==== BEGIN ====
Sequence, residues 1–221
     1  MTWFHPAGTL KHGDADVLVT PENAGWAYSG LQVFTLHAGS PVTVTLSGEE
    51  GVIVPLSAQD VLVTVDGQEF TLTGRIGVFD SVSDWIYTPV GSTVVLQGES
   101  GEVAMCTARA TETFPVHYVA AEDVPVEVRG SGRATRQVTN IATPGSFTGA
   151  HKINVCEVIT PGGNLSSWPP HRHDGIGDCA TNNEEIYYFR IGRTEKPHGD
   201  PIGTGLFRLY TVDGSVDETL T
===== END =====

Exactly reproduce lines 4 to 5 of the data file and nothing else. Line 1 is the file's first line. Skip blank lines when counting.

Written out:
   101  GEVAMCTARA TETFPVHYVA AEDVPVEVRG SGRATRQVTN IATPGSFTGA
   151  HKINVCEVIT PGGNLSSWPP HRHDGIGDCA TNNEEIYYFR IGRTEKPHGD